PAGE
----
Today my work will be featured on a segment of a television show called “Artful”, produced by Monument tv. It will air at 8 am MST and then again at 1 pm on the BYU tv channel, and then it will be available for streaming after that on the BYU TV website. While I haven’t yet seen it myself, the other episodes are beautifully and sensitively done, and my experience with the production team was truly delightful and meaningful. I hope that you will have a chance to take a look.
Egg Tempera Underpainting of Zechariah 3 & 4
This is a progress update of a painting that I began last year illustrating one of the visions of the old testament prophet, Zechariah. After making a complete grayscale (grisaille) in egg tempera, I have been doing a base color layer in egg tempera with a limited palette, of two earth tones, with a red, yellow, blue, black and white. The final layers of the painting will employ translucent oil glazes.
Grisaille Underpainting of a Visionary Episode from Zechariah
I wanted to share a series of images showing the process of the making of an underpainting which I have been working on for the past few months. The image itself is an illustration of a vision of the biblical prophet Zechariah laid out in chapters 3 and 4 of the book of Zechariah in the Old Testament. It is a beautiful story of God’s grace and restoration, rich in symbolism and images. It is not very long and is certainly worth reading.
This grisaille is done in egg tempera on an oak panel, built from an oak that came down on my father’s farm in Greenwood county, was subsequently milled (quarter sawn) and air dried for 10 years. The panel has been cradled with walnut and ash to help keep it flat over time. The surface is a traditional gesso as describe out by the 14th century Florentine Cennino Cennini in his Il libro dell’arte. Once the grisaille is complete, I will start to paint layers of translucent colored oil glazes, hopefully to beautiful effect.
Roots and Wings: The Family of Chris Wolf Edmonds
The Lawrence Arts Center, in Lawrence, Kansas, recently had an exhibition featuring work from across the rich artistic career of my Aunt, Chris Wolf Edmonds. There are many creative people in my Aunt’s immediate family: her father (my grandfather), her children, Jason Edmonds and Brynn Edmonds Burns, all of them making beautiful art. The happy idea surfaced that it might be interesting to include some work from my Aunts creative family. They even reached back to her great grandfather (my great great grandfather) Johann Severin Kiemig, who filled his farmhouse in Zenda, Kansas with murals and paintings. They graciously invited me to participate. I am very grateful for this, for I respect my Aunt and my cousins very much, and my grandfather was a profoundly important figure in my life. Often, I contemplate the creative legacy that flows through my family, the generations who celebrated making things with hands, and placed a high priority on light, color and beauty. That benefaction shaped me and continues to do so. It is incredibly meaningful to be a part of an exhibition that celebrates that legacy and especially honors the one who has worked so hard and gracefully in her carrying it forward.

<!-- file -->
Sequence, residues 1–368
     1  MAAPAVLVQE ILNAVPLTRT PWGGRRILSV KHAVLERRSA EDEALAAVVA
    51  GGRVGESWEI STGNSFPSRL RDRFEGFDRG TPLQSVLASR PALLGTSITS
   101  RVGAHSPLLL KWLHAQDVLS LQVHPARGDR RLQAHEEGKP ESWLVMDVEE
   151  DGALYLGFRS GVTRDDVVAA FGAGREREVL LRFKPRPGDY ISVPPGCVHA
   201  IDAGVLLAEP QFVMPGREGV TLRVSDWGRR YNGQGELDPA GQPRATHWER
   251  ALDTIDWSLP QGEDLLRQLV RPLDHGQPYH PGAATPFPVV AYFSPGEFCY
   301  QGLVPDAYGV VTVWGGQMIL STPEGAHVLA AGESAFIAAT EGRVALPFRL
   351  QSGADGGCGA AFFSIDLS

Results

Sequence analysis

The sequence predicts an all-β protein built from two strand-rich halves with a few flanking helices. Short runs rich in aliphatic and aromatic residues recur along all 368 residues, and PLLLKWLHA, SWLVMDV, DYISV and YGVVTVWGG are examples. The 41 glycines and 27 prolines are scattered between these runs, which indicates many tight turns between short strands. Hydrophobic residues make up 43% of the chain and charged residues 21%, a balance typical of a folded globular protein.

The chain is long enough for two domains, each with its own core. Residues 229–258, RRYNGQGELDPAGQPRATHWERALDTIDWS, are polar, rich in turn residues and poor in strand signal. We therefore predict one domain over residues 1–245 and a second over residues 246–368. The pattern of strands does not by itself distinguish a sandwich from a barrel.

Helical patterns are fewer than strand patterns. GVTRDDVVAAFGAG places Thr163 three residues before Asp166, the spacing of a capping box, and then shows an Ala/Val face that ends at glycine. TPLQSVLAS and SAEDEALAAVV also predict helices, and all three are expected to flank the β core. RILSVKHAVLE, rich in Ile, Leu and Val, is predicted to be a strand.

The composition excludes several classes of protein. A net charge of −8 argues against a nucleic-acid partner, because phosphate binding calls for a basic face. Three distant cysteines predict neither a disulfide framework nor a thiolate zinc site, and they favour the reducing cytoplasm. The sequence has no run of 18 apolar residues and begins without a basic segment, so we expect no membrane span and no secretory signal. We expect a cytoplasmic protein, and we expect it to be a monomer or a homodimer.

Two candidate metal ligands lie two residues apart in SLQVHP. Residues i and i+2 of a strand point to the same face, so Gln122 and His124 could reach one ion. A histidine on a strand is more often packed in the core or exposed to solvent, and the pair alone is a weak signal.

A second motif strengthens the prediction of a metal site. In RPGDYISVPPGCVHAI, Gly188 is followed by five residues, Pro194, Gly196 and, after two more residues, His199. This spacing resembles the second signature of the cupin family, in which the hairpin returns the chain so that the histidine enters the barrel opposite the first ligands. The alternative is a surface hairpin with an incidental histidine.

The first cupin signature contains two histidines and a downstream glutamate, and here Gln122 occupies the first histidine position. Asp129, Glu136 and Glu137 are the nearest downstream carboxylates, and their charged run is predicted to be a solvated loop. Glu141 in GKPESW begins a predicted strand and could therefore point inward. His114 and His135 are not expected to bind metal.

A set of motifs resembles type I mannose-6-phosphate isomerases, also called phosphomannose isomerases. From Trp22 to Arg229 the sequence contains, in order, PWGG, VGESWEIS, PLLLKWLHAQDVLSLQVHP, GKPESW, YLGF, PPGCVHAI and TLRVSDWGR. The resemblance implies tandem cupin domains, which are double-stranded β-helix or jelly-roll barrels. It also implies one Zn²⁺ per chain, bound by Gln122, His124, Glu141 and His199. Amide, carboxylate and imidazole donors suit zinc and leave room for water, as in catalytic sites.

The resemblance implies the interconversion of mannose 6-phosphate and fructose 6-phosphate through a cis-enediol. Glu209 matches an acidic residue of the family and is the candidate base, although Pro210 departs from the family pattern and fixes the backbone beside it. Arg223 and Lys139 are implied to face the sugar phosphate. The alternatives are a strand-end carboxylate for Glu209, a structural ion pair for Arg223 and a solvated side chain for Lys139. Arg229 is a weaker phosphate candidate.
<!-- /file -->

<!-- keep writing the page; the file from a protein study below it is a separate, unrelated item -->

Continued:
Deeply principled, generous and compassionate, my Aunt Chris always seems to know exactly who she is. Nurturing a deep love and kinship to the land, specifically Kansas, she has taken a path in life that I seek to emulate: a multi-disciplinary agrarian artist/craftsperson, manifesting excellence in craft, remembering tradition while pushing her own creative boundaries, and constantly evolving and growing as an artist and human within a flowering context of family and community. I know that she is a treasure. I am grateful to be part of her legacy.
As you look through the images from the show, you will see the quilted and fiber based art of my Aunt, carved wooden birds from my grandfather, wooden sculptures of my cousin Jason, photographs from my cousin Brynn, and paintings and prints from me. Unfortunately I wasn’t able to make it up to see the exhibition, and I don’t have titles to provide for all of the works at this point, so I apologize for not providing more detailed captions.